Statistics from Altmetric.com
If you wish to reuse any or all of this article please use the link below which will take you to the Copyright Clearance Center’s RightsLink service. You will be able to get a quick price and instant permission to reuse the content in many different ways.
Barton and Black indicated in a recent report that hemianopic subjects without unilateral neglect may demonstrate a horizontal line bisection bias towards the scotomatous field.1 Their study was prompted by their impression that the influence of visual field defects on spatial tasks has been little studied. The authors unfortunately seem not to have been aware of studies by Kerkhoffet al 2-4 that not only replicated Barton and Black’s findings but indicate that such findings have been recorded as long ago as 1894. It would be useful if Barton and Black could indicate whether any aspects of their study are distinguished from the preceding reports.
The authors reply:
Mark is right in noting that Kerkhoffet al have mentioned this phenomenon of contralateral bisection bias in hemianopia. We will first examine the data provided by Kerkhoff et al, then peruse the literature he quotes, to answer Mark’s question.
Firstly, two of the three papers quoted by Mark do not provide data on hemianopic bisection bias. In one,1-1 the phenomenon is mentioned in a single sentence in the methods section; in the other,1-2 a German review contrasting hemianopia and hemineglect published last year, there is a short discussion about bisection without experimental data. The third paper studied bisection of vertical or horizontal lines in a series of six patients1-3: however, all had bilateral cerebral damage and complex bilateral field defects, not hemianopia. Extrapolating from such unusual patients to those with more common unilateral hemianopia is not always appropriate.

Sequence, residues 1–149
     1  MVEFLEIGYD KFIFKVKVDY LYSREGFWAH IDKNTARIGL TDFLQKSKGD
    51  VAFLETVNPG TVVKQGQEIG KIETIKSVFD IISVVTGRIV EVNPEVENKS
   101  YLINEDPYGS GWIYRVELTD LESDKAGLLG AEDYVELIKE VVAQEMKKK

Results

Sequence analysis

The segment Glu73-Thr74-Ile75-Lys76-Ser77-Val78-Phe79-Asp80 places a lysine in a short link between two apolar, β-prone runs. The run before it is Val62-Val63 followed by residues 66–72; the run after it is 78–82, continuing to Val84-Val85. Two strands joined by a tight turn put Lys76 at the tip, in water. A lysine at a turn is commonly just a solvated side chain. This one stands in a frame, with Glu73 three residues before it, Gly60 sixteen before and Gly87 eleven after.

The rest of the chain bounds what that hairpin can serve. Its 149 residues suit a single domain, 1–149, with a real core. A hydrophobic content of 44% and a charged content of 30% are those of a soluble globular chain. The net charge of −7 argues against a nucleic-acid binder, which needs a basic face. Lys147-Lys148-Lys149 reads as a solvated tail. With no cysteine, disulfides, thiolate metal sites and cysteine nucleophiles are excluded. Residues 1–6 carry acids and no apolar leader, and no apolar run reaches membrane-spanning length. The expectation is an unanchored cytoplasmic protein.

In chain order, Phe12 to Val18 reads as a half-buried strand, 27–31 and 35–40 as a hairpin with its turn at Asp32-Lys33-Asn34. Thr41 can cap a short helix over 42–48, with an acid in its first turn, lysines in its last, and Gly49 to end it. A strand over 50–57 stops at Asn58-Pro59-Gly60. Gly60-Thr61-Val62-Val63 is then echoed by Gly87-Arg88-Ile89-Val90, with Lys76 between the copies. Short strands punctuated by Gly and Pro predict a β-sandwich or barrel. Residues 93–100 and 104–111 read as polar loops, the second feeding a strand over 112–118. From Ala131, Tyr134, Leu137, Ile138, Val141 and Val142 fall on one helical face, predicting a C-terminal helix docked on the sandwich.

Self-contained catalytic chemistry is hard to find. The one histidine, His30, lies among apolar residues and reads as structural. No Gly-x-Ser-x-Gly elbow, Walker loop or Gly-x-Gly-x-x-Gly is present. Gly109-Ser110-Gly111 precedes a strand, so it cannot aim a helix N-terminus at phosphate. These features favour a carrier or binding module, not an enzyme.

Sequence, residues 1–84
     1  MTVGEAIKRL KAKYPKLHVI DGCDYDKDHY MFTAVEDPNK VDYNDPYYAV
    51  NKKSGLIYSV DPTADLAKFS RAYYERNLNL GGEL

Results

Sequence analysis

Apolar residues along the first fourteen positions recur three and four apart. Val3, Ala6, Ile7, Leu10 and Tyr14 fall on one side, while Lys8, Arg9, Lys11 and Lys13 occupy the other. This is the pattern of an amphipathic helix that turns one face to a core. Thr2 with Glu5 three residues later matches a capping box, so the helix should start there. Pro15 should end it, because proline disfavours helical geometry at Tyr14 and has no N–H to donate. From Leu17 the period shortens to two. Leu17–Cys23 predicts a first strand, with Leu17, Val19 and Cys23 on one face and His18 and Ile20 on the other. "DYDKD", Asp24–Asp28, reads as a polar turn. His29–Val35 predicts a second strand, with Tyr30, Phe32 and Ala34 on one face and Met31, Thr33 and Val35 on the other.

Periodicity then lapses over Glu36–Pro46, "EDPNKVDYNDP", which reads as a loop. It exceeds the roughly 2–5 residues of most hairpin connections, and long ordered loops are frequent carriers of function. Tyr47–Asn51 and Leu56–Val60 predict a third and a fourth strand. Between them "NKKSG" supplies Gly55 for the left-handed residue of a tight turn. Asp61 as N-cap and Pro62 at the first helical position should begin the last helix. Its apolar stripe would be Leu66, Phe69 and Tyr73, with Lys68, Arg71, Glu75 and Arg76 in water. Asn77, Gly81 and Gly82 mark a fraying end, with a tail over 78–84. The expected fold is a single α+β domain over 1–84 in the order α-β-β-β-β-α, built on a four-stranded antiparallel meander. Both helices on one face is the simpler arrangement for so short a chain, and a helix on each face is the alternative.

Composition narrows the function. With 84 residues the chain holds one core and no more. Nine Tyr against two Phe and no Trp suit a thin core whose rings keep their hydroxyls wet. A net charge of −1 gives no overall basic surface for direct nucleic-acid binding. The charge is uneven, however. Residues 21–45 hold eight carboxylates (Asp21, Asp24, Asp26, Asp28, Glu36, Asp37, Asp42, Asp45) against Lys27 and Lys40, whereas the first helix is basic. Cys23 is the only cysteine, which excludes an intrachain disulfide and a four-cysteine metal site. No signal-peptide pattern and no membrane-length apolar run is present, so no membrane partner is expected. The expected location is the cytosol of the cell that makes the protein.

Kerkhoff et al state that others have made this observation before.1-1-1-3 He quotes two works from the English literature. One is the paper by Schenkenberget al.1-4 This report analysed by side of brain damage without respect to hemianopia. Furthermore, hemianopic bias cannot be deduced from their tabulated data: there is bisection data for only six patients with hemifield defects without neglect, five with left hemispheric lesions, and the type of field defect is not stated. An informal t test on the small sample of five patients with left hemispheric lesions shows no difference from the controls.
Another citation is a monograph by Teuber et al.1-5 This was also puzzling, because line bisection did not seem to be reported in the methods or results. We believe that Kerkhoff et al may have been referring to patients with lateral or vertical shift of fixation (“pseudo-fovea”, p 79). It does not necessarily follow that a shift of fixation leads to a shift in bisection judgments, though. Teuberet al do state that this might occur (p 82), and refer to another work of theirs,1-6 a case study of a man with a right occipital wound and left hemianopia. However, his bisection errors were biased rightward, as with neglect, rather than leftward, as we find with hemianopia.
Kerkhoff et al are more accurate in noting precedents in the older German literature. We became aware of these when we had a German monograph of Werth translated recently.1-7 Axenfeld1-8 does seem to be the first to make this finding, in his report of a man with left hemianopia and leftward bisection errors. Apart from precedence, though, few conclusions are permitted from a single case study without controls.
The most important work we discovered is that by Liepmann and Kalmus.1-9 These authors documented contralateral bisection bias in 10 patients with homonymous hemianopia and one with bitemporal hemianopia. Interestingly, they noted that this bias was not present with very small or very large lines. They dismissed Axenfeld’s hypothesis that the error was related to a coexistent gaze palsy,1-8 but speculated that it was related to increased numbers of saccades and fixations into the blind hemifield, an explanation which resembles the idea that the bias may be secondary to an adaptive shift of attention. (Note, though, that we and others have provided evidence that the spatial representation within normal hemifields can itself generate this type of bias.1-7 1-10)
We appreciate the opportunity to publicise the prior observations of Axenfeld1-8 and Liepmann and Kalmus,1-9 and the prescience of the latter’s speculations. Among our colleagues, “hemianopic bisection error” does not seem to be well known. We would also suggest that its scientific foundation in the German literature could be improved. We have provided better evidence for both the existence of the bias and the conclusion that it is caused by hemianopia, with the use of statistical analysis, normal controls, and non-hemianopic brain-damaged controls, none of which were used in the older German work. We hope that our brief initial report and this correspondence increase awareness of “hemianopic bisection error”.